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Fred Cone, longest living former Packers player and '50s favorite, dies at 95

At the end of his career Cone had played 82 games with the Packers.
Fred Cone
Posted at 12:23 PM, Dec 31, 2021
and last updated 2021-12-31 13:23:33-05

GREEN BAY — The oldest living former Packers player and one of the most popular during the 1950s, Fred Cone, has died. He was 95.

Packers.com made the announcement, writing he passed away in a hospital in Seneca, South Carolina from complications from a broken hip Friday morning.

Cone played as a fullback and kicker for the Packers from 1951-5, and was inducted into the Packers Hall of Fame in 1974.

Cone is famous for kicking the Packers' first-extra point and field goal at what is now called Lambeau Field. He kicked the extra point in what was then called Green Bay City Stadium, played on Sept. 29, 1957. The kick ended in a 21-17 victory over the Chicago Bears.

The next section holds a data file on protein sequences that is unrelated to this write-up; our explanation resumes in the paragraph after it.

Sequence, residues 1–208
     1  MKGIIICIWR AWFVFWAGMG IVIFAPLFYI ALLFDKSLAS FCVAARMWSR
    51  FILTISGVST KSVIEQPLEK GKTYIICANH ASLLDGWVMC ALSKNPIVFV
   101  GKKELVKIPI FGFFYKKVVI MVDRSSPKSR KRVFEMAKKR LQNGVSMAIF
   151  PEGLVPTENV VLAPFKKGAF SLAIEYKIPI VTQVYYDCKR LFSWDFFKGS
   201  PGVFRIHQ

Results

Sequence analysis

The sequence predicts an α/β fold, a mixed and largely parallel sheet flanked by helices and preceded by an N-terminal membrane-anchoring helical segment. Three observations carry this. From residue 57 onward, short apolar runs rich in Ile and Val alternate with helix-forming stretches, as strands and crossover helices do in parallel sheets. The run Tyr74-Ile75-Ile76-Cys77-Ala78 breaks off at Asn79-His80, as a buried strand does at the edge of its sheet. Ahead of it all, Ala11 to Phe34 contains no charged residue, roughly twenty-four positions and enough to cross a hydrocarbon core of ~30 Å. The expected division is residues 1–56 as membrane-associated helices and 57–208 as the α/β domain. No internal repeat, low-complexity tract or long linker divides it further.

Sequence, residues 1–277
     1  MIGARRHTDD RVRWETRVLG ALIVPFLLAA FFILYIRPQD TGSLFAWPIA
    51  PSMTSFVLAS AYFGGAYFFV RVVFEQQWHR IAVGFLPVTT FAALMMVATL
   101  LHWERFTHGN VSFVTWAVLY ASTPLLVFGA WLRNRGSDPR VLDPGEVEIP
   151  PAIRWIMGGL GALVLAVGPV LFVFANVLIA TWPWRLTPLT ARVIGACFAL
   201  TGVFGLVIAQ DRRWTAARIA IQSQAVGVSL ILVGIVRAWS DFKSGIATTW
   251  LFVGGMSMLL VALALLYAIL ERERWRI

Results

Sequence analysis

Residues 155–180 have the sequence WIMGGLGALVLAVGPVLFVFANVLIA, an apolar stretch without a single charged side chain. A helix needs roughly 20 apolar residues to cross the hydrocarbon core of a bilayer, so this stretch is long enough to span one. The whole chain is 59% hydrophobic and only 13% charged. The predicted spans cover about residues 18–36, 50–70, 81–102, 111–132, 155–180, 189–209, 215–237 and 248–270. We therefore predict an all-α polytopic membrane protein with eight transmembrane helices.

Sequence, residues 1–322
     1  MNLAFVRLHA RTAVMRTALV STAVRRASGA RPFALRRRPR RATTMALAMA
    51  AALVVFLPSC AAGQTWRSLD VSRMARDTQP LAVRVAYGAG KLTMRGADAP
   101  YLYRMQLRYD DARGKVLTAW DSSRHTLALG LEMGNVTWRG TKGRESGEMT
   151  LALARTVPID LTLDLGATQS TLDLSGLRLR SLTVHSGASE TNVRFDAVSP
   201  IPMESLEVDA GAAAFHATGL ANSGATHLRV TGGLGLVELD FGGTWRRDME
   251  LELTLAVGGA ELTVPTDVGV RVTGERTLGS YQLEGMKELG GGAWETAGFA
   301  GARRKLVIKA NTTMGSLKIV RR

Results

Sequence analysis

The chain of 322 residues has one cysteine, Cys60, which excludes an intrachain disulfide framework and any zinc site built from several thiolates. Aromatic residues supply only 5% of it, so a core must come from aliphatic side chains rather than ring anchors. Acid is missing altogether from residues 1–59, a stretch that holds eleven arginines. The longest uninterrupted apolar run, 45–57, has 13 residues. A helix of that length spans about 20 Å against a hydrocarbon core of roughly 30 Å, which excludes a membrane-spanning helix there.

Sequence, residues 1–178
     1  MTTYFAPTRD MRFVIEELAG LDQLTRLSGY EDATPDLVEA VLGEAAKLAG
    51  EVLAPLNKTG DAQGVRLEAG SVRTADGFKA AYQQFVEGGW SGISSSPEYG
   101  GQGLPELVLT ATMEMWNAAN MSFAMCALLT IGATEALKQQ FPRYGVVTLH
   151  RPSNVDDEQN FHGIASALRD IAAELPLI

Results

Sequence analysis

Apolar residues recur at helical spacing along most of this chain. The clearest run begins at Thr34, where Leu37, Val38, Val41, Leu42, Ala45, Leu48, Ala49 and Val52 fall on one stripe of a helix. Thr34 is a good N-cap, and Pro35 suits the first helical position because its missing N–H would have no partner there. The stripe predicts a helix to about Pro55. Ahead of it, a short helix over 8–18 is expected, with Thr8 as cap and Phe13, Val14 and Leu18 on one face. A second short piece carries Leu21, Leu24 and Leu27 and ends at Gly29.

Cone also kicked the Packers' first field goal from 39 yards out in the third and final home game of that season, according to Packers.com.

The Packers chose Cone in the third round of the 1951 draft at 24 years old. Before that he had served three years in the U.S. Army during the Second World War. He went to school at Clemson University.

At the end of his career Cone had played 82 games with the Packers.

Cone married Judy Anderson, a graduate of Green Bay East High School, and they lived in the city during the offseason - rare for Packers players.

In 1960, Cone came out of retirement, kicking for the first-year Dallas Cowboys. The next year, former Clemson coach Frank Howard hired Cone as a recruiter, and he worked for the university for nearly 30 years.

Funeral arrangements are pending. Among his survivors is Cone's wife of 67 years, Judy, according to the Packers.

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